The wild scenery and 2,000 foot drop of “The Screes” into England’s deepest lake is the last place you would expect to find a garden tea party of gnomes. Wastwater, in the western part of the Lake District National Park, is the deepest lake in England at 79 metres (258 feet). The Wasdale valley, home to Wastwater, is a glacially ‘over-deepened’ valley and surrounded by some of the highest mountains in England. Yet under the surface, far removed from the safety of neat lawn edges and squeaky clean garden beds, there are garden gnomes. Originating from Germany in the 19th century, the “garden dwarf” was produced for the purpose of ornamentation and protection from evil sorcery. An eerie twist of fate for these little chaps when you consider the wild surroundings … or is it just a bit of fun? This is a question for the diving community, amongst whom Wastwater is very popular diving location and the existence of these gnomes is well known. Police divers in the past have removed them, in fear of luring inexperienced divers, but the gnomes keep coming back. They are still there and according to the Kendal and Lakes Sub Aqua Club the garden gnomes are a bit of fun providing divers with something to look at rather than just mud. It is said that Wastwater is clearer at 50m (165ft) than Windermere is at 10m (30ft) and so an ideal site for these deep water sites.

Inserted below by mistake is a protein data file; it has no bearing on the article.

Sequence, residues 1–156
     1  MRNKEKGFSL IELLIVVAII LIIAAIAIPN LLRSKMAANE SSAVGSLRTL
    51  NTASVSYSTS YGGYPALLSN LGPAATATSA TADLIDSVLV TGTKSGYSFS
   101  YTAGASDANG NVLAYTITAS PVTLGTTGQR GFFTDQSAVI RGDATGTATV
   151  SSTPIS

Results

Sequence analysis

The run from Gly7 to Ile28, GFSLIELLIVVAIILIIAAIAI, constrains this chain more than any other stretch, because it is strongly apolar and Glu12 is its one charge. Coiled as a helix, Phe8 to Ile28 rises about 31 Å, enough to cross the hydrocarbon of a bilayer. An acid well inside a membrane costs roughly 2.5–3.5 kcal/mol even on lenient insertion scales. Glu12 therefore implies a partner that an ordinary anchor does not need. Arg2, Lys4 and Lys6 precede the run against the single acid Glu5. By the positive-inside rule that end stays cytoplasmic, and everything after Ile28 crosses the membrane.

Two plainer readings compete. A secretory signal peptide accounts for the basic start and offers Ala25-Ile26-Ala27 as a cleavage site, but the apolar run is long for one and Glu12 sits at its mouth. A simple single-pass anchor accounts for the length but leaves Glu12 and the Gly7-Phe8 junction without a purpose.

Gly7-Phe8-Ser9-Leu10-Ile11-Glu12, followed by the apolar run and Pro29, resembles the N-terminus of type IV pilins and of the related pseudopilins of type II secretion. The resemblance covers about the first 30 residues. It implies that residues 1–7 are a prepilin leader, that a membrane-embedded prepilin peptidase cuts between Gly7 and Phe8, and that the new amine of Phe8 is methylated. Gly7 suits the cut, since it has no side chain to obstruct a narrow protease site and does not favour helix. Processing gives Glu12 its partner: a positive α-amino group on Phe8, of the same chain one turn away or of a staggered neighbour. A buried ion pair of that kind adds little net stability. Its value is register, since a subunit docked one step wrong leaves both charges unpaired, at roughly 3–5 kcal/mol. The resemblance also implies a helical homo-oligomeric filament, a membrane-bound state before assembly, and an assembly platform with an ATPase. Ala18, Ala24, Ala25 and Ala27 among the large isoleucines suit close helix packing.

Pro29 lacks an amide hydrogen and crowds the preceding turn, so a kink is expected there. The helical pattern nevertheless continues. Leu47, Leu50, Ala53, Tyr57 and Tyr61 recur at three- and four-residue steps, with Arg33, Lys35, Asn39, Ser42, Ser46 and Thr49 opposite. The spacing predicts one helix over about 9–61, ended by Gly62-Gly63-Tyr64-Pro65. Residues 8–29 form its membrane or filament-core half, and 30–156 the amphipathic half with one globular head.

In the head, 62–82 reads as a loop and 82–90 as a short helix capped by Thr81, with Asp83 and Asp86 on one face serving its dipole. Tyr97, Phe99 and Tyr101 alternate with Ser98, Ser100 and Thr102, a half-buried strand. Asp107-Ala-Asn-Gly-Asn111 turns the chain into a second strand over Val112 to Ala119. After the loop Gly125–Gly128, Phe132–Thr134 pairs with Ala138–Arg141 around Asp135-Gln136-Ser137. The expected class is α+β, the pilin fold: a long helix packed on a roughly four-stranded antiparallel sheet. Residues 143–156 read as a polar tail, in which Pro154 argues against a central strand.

Police say divers should not put themselves at unnecessary risk looking for gnomes in Wastwater. Wastwater is three miles long, half a mile wide and about 80m deep, the deepest in the Lake District. The water is very cold and puts extra pressure on the body. The very clear water can give a false sense of security. A spokesperson from the Sub-Aqua Association warned that you have to be an experienced diver with all the necessary safety precautions to go deep water diving in Wastwater. For more information visit: BBC article in 2007 BBC article in 2012 Kendal and Lakes Sub Aqua Club Penrith Divers